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Should You Sell to Shops? 3 Signs It is Time

by Rachel Gregg
craft & maker

Should you be selling to retailers? Find out it if it is time to start selling to shops.

A handmade business is built over time. Often, what starts out as our annual holiday handmade gifts, becomes the foundation of our craft show product line, and then evolves in to our online Etsy offerings.

A handmade business blooms with the encouragement of friends, our changing life circumstances (parenthood, anyone?), and the need to offset our crafty expenditures with a creative income.

The gradual evolution of the handmade enterprise means that most of us don’t start out with a business growth plan and the right next step is determined by the opportunities that organically come our way.

With that in mind, it is no wonder that it is hard to know when we are ready to sell to retailers.

To help you make that call, we looked at Megan Auman’s Sell Your Products to Retailers class and assembled some questions you can ask yourself to find out if it is time to expand into wholesale sales:

1. Do you want a consistent income?

On the surface, the obvious answer is yes. Who doesn’t want a constant flow of cash coming in?!? But let’s dig a little deeper. A consistent income is generated through consistent work and an unrelenting commitment to your business. If you are satisfied only selling at seasonal peaks or when the time is right for you, retail accounts might be more work than you want to do.

2. Is it time for your friends and family to see your endeavor as a business and not a hobby?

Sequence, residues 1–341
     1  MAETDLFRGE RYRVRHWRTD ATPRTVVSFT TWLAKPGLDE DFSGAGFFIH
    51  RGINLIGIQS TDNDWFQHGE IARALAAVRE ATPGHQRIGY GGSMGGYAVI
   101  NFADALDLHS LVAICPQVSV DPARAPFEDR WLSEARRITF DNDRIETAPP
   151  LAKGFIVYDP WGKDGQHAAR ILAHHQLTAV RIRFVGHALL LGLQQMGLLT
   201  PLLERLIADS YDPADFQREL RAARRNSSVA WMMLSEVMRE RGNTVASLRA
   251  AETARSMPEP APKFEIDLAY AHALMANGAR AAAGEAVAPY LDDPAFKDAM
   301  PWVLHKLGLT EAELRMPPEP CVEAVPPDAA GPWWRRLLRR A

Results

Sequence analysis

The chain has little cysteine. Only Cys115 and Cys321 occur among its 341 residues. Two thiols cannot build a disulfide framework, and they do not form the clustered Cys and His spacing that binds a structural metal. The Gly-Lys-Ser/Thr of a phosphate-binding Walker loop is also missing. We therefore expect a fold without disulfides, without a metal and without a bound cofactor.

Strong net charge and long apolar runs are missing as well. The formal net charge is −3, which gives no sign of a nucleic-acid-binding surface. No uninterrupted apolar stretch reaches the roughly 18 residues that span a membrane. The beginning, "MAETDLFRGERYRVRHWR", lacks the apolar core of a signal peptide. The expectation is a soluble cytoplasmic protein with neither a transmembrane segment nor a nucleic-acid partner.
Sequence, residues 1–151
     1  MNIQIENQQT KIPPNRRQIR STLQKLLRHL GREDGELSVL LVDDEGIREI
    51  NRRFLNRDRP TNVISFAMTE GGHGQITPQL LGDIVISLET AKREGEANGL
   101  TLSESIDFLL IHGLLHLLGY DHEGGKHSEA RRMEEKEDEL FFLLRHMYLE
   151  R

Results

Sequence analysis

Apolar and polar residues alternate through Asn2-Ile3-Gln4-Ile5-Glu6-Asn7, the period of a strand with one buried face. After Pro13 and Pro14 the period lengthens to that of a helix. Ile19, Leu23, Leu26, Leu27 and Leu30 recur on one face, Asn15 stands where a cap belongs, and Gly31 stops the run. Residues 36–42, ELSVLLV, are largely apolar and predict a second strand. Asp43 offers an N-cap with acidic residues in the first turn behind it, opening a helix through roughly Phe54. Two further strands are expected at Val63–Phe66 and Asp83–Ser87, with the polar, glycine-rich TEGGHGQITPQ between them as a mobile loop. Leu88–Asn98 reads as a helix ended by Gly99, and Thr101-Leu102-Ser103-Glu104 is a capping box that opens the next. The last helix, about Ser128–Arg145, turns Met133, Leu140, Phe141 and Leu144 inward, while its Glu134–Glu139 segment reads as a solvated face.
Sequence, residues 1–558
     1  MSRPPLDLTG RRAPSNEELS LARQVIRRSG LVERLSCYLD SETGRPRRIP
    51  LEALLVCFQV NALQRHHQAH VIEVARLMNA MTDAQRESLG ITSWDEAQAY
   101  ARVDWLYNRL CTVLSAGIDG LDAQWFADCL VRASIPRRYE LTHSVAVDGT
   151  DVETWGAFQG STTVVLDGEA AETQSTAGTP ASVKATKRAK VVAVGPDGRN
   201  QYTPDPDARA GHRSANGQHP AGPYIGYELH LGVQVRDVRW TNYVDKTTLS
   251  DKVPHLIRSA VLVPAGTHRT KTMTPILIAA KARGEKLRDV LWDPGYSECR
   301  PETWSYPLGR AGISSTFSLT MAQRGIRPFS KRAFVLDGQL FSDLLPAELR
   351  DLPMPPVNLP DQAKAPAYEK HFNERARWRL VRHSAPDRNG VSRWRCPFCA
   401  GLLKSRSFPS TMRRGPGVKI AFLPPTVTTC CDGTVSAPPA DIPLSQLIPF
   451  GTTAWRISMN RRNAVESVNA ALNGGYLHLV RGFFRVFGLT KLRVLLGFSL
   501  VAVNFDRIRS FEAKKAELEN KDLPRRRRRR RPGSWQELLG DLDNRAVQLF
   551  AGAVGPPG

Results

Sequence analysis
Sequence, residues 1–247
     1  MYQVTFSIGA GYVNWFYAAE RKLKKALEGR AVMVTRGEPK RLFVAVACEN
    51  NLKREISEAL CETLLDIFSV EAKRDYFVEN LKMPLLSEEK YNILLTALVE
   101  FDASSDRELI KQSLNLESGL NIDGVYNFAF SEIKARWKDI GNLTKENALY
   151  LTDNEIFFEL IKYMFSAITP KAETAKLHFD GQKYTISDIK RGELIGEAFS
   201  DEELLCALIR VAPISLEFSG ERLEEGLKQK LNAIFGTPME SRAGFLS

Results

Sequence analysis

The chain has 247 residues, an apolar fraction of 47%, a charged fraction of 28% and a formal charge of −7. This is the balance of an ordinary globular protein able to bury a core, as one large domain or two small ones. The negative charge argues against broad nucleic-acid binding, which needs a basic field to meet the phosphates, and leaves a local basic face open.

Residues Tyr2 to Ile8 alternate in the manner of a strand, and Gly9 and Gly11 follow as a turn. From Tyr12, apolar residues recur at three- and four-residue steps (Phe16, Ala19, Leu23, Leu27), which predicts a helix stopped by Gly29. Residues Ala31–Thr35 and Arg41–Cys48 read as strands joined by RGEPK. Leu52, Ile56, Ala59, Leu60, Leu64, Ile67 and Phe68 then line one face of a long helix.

While the opinions of other people should not shape every business decisions, the support your network has to offer will change as your business changes. Selling to retailers, signals the seriousness of your intentions. Do you want you community to accommodate an increased need for time dedicated to making? Do you want them to register that you are running a business? Selling to a retailer usually does the trick.

3. Do you want your weekends back?

The craft show circuit can be exhausting. The time spent directly interacting with buyers can be educational and the opportunity to network with other makers is often invaluable. But spending weekends working a booth takes a toll. Working with retailers gives you the option to earn an income without hauling in an EZ-Up.

If it is time for you to start selling to shops, do yourself the favor of checking out Megan Auman’s Sell Your Products to Retailers.

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Rachel Gregg

Rachel is the content marketing lead for the CreativeLive Craft Channel. Her side hustle is floral design and her day job is awesome. @ms_gregarious.